This is the first part of a three-part series discussing Owner Controlled Insurance Programs (OCIPs). Part I will provide an introduction to OCIPs and discuss some of the potential advantages to owners and contractors over traditional loss funding methods. Part II will explore potential disadvantages of OCIPs, and part III will discuss and consider the current state of the law concerning OCIPs.
Traditional loss funding for large capital improvement projects can be thought of as a hub-and-spoke wheel, with the owner and the general contractor (GC) located at the hub and policies purchased by the subcontractors constituting the spokes. The owner sets minimum insurance requirements and the GC obtains a CGL policy and names the owner as an additional insured, while also providing the owner with a broad indemnity agreement. Subcontractors similarly name the GC as an additional insured on their own CGLs, and likewise provide indemnity agreements. As a result, losses first hit the outlying subcontractors’ policies and do not reach the GC or the owner until the limits of all of these “spokes” have been exhausted.
In an OCIP, the owner procures all insurance on the project, or even multiple projects under a single program. In other words, the owner “wraps up” all of the insurance of the project. Indeed, in addition to CGL coverage, the wrap-up may also contain workers compensation insurance, employer’s liability coverage or builder’s risk insurance, as well as excess or umbrella coverage. At first blush, it may seem that an OCIP, which places all responsibility for procuring insurance on the owner, a needless burden on the owner as compared to the traditional-style program. Under the traditional wheel scheme the owner shifts the responsibility for and cost of insurance to the contractors while also enjoying what can be substantial insulation from losses. In theory, for example, the policy limits comprising the spokes can respond together to a large loss; twenty $1 million “spokes” can fund a $20 million loss and, at least under traditional CGLs, defense costs do not erode limits of liability. So, how can an OCIP benefit the owner? The answer is, in a number of ways.
Perhaps unsurprisingly, potential cost savings is a significant motivator for owners that choose OCIPs over the traditional approach. Under an OCIP, savings may come from volume discounts on premiums and the owner’s ability often to assume large deductibles. But savings may also come by changes in the bidding process. Under the traditional approach, the contractors, who bear the costs of insurance, include those costs in their bids—typically including a markup. By paying the cost of insurance itself, the owner can eliminate the contractor’s insurance markup. Some estimates are that the use of an OCIP will reduce bids by an average of two percent.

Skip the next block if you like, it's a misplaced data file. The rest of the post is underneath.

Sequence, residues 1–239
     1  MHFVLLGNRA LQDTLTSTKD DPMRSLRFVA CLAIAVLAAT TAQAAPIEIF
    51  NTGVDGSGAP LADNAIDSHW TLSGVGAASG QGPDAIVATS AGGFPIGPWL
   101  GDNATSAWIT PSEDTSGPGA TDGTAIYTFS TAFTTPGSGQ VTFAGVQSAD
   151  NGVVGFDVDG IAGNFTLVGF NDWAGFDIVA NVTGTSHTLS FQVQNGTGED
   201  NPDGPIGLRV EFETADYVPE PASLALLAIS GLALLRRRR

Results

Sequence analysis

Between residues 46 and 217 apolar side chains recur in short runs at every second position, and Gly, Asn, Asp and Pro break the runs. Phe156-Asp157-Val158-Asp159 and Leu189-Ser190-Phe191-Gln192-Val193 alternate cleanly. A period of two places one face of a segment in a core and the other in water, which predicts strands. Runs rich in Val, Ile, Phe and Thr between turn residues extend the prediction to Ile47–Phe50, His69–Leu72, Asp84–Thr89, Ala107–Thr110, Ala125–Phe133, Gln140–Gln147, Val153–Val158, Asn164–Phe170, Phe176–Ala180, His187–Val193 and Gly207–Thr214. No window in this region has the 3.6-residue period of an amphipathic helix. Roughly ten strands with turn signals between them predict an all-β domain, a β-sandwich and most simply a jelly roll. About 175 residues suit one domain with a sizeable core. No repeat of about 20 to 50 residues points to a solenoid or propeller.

Another advantage under an OCIP relates to the scope and limits of coverage. One disadvantage to the traditional approach is that, although the owner gets to set minimum requirements, there is no reliable way to ensure the contractor’s compliance—insurance certificates may not reflect certain limitations on coverage. With an OCIP, the owner can be confident that it has broad, uniform coverage. Moreover, an owner typically can obtain higher limits than a smaller contractor can carry.
Other advantages of OCIPs relate to administrative benefits. Having all of the insurance on a project wrapped-up allows for uniform claims handling and centralized risk management. It also allows for the efficient resolution of disputes among contractors. Under traditional programs, contractor disputes often can result in coverage disputes among co-insurers and subrogation claims. The claims handling and dispute resolution advantages also inure to the benefit of the contractors in terms of efficiency and reliability.
Contractors enjoy another advantage. Under a traditional program, losses paid under the contractor’s policy would necessarily reduce the aggregate limit, which the contractor may need to pay claims on other projects. With an OCIP, the contractor effectively shifts claims away from its own policies and, thus, is able to insulate those aggregate limits so that they are available to cover other losses.
That wraps-up our introductory discussion on OCIPs. Next time, we will consider the disadvantages that may be associated with OCIPs from both the owner’s and contractor’s perspective.
 It is, perhaps, misleading to refer to the non-OCIP approach as “traditional” because it gives the wrong impression that OCIPs are a new concept. In fact, OCIPs have been used for decades. If anything is new about OCIPs, it is that they have become more prominent in recent years and are no longer reserved for only massive projects.